Monday, May 16, 2016

Fickle Spring Continues

Weather: Hard rain Sunday afternoon.

What’s blooming in the area: Austrian copper, pink and yellow roses, spirea, snowball, Dutch iris, peony, donkey spurge, blue flax, Jupiter’s beard, Canadian columbine.

Beyond the walls and fences: Tansy and tumble mustards, tufted white evening primrose, alfilerillo, purple mat flower, western stickseed, bindweed, fern leaf globe mallow, green amaranth, fleabane, goat’s beard, native and common dandelions, June, cheat, rice and needle grasses, mushrooms.

In my yard: Woods and rugosa roses, beauty bush, skunkbush, chives, vinca, snow-in-summer, pinks, coral bells, golden spur columbine, Johnson’s Blue geranium.

Inside: Zonal geraniums.

Animal sightings: Rabbit, small birds, gecko.

Weekly update: Some years ago I had a friend who had spent a year teaching at some university in one of the prairie provinces. He couldn’t get over how many there could only talk about the weather. I made sympathetic noises. Now, after years in New Mexico, my sympathies are entirely with the Canadians.

This was the week we left spring behind. We had some rain a week ago, the morning temperatures weren’t as cold, and early summer plants started blooming. The fleabanes, whose seeds must drift in with the irrigation water, covered large areas.

Lawns were suddenly green, but they were still patchworks of color. Seeds planted to repairs holes are never the same variety, and for a week or two this time of year the history is revealed. In a bit, they’ll all be the same greens.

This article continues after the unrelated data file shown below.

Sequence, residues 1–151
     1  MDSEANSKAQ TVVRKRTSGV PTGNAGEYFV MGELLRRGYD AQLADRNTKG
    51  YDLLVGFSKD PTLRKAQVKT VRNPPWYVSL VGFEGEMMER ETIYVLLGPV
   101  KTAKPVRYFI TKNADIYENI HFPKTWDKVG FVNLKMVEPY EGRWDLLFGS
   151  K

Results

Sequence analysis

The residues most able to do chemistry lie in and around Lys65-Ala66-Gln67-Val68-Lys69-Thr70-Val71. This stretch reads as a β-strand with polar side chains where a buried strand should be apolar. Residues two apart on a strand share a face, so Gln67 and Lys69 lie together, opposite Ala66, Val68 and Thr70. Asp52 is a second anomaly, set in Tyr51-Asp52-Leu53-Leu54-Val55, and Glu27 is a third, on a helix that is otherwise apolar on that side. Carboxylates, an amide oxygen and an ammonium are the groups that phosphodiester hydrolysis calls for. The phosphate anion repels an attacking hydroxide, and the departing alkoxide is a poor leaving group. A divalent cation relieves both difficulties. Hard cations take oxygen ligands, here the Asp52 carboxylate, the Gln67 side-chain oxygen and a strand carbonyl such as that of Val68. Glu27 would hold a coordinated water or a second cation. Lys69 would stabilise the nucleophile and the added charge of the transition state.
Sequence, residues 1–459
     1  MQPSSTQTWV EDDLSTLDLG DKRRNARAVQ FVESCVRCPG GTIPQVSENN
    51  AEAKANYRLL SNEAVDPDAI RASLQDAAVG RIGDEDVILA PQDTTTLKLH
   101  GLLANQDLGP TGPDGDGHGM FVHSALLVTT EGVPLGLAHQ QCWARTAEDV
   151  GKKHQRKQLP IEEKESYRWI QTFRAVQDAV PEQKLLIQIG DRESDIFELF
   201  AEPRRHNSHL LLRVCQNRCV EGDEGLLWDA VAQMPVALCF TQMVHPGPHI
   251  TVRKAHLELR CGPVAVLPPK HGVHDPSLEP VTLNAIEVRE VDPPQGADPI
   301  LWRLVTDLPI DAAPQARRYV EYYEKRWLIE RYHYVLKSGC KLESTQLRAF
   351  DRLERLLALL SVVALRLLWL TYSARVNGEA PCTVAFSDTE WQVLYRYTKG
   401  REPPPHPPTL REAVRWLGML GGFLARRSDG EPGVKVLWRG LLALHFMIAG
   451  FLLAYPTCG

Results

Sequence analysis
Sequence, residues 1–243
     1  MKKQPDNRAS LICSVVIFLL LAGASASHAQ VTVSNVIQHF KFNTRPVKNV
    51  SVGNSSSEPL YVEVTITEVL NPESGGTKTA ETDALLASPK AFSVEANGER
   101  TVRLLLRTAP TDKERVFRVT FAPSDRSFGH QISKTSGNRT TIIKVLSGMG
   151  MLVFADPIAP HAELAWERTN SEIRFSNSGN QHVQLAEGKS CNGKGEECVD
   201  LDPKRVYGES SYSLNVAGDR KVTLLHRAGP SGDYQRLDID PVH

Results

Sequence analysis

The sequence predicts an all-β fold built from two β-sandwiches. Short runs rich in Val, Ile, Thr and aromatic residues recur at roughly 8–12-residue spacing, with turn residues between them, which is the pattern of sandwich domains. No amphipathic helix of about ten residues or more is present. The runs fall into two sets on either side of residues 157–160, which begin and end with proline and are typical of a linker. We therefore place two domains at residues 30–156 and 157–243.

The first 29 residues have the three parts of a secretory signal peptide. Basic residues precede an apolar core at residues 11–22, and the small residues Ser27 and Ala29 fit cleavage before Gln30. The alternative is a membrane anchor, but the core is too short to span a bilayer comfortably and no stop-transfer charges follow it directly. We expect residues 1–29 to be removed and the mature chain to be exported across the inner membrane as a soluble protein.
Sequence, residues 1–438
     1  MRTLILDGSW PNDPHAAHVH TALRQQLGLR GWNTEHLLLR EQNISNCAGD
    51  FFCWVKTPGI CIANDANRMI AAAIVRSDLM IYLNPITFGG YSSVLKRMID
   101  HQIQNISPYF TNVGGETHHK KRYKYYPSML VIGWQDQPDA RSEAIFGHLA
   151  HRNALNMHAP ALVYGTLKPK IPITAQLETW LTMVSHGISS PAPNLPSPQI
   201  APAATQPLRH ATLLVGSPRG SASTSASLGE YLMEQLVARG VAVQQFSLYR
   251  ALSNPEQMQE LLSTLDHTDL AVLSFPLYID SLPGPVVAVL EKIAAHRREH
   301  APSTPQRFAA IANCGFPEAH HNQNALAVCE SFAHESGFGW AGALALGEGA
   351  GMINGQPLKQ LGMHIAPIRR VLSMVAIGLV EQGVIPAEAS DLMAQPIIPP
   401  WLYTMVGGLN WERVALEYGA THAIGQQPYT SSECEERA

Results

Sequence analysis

Even though the weather had changed, I still couldn’t put out any of the plants I’d bought. The winds came up every afternoon and sucked out whatever water I’ve managed to put down in the early morning. I felt like a six-year-old trapped in the house.

When I did get out, I saw the remains of spring. I could find only one peach on three trees.

That was one more than the sweet cherries or apricots had produced.

Of course, the cherries I don’t eat were doing fine. The sandcherries were covered with fruit that the birds or ground squirrel will take.

The choke cherry had put out small fruits that already were disappearing.

Even the sour cherry had managed to survive the bad spring. Other people tell me it’s fruit is good, but whenever I tried it, it was too bitter. The birds take them as well.

1. Spirea has had a very good year, but then it’s more of a northern plant; 14 May 2016.

2. Siberian pea pods aren’t eaten by me or the birds; 15 May 2016.

3. One lone peach, 15 May 2016.

4. Bing sweet cherry, or what they label claimed was a Big; 15 May 2016.

5. Sand cherries, 15 May 2016.

6. Choke cherries, 15 May 2016.

7. North Star, sour cherry, 15 May 2016.

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